The summer of ’14 is upon us. As the cliché goes, victors write the histories, and this could hardly be more apt in the case of the Great War. I will quote at length from a lecture of UC Berkeley’s Dave Wetzel, one of my instructors and a brilliant historian.
Russian foreign minister Sergei Sazonof adopted the idea of general mobilization of the Russian army, with the enthusiasm of a convert. He tells the tsar that the Austrians have begun shelling Belgrade, which is not true, and that he has received a stiff note from foreign minister Bethmann-Hollweg in Berlin. Bethmann-Hollweg says that further Russian mobilization will compel Germany to mobilize. Nicholas II sees these arguments very clearly, and he orders the general mobilization of the Russian army. He then receives a telegram from Wilhelm II assuring him that Germany means Russia no harm, and orders the cancellation of the general mobilization. Sazonof, outraged, goes to Nicholas with the patriarch of the Russian Orthodox Church in tow and says that Wilhelm is a liar, telling Nicholas, “if the order for general mobilization is not reinstated you’re going to bring down the wrath of the pan-Slavs in the Duma.” The patriarch says, “Your Majesty, it is a question of faith, of defending Holy Russia against the Teutonic hordes.” Nicholas responds, “it is not a question of Holy Russia, it is a question of sending to their deaths millions and millions of men!” Ultimately, Nicholas picks up his pen and signs the order for the general mobilization of the Russian army, on the evening of 30 July 1914.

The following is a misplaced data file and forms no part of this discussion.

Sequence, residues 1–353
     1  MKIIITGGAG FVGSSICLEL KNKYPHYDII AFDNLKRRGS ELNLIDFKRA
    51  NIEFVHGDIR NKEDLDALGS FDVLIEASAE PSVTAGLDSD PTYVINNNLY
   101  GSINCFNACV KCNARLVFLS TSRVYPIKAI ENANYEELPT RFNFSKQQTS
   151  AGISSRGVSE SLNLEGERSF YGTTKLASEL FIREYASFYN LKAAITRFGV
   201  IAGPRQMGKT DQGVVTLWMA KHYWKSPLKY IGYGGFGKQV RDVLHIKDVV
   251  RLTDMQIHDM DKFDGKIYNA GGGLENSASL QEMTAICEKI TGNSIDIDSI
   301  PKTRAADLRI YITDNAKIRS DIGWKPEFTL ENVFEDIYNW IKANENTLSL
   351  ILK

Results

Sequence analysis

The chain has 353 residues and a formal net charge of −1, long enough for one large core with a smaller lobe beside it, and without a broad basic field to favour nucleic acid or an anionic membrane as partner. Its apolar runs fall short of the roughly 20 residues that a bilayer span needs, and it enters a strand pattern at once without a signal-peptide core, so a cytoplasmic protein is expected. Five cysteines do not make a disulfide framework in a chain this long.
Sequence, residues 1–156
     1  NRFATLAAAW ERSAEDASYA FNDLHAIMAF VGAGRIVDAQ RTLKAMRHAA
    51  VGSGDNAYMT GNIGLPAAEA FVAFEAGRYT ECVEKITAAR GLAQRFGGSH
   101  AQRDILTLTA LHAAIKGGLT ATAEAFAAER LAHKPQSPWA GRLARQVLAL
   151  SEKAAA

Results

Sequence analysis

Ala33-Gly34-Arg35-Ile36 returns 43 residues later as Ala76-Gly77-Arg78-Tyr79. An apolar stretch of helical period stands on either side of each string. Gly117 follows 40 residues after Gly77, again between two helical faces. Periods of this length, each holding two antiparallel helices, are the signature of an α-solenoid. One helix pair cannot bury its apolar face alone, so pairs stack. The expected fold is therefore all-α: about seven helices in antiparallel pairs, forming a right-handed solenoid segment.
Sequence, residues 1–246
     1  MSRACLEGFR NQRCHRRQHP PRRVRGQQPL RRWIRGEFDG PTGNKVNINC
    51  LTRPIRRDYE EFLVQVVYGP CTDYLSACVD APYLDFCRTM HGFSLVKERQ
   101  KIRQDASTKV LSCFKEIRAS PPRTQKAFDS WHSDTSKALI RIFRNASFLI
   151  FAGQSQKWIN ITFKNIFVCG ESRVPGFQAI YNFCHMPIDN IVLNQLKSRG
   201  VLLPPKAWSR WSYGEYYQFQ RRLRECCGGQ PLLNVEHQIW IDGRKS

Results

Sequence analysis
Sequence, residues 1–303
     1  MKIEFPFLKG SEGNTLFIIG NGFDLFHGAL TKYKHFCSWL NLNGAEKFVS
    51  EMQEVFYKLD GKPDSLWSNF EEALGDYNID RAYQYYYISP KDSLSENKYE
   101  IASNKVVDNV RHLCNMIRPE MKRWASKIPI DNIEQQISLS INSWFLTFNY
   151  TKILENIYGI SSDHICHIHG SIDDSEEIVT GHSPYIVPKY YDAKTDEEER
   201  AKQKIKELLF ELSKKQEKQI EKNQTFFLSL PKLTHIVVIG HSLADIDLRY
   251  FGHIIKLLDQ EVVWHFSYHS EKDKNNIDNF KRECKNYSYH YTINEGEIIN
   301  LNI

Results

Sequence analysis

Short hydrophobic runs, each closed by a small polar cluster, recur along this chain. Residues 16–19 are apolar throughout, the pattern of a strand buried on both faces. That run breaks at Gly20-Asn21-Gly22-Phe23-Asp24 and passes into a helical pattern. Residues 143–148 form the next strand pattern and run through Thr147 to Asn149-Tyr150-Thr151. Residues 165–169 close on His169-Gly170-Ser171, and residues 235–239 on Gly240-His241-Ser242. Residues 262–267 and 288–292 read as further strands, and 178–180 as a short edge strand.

The Russian mobilization left Germany with no choice but to honor its blank check with Austria, just as Germany’s implentation of the Schlieffen Plan left Britain with no choice but to honor its guarantee of Belgian neutrality.
And so, a hundred years ago, Russia ended generations of peace and stability on the continent with the aim of “protecting” its Slavic co-confessionalists from the rapacious West.
As they say in French, plus ça change, plus c’est la même chose.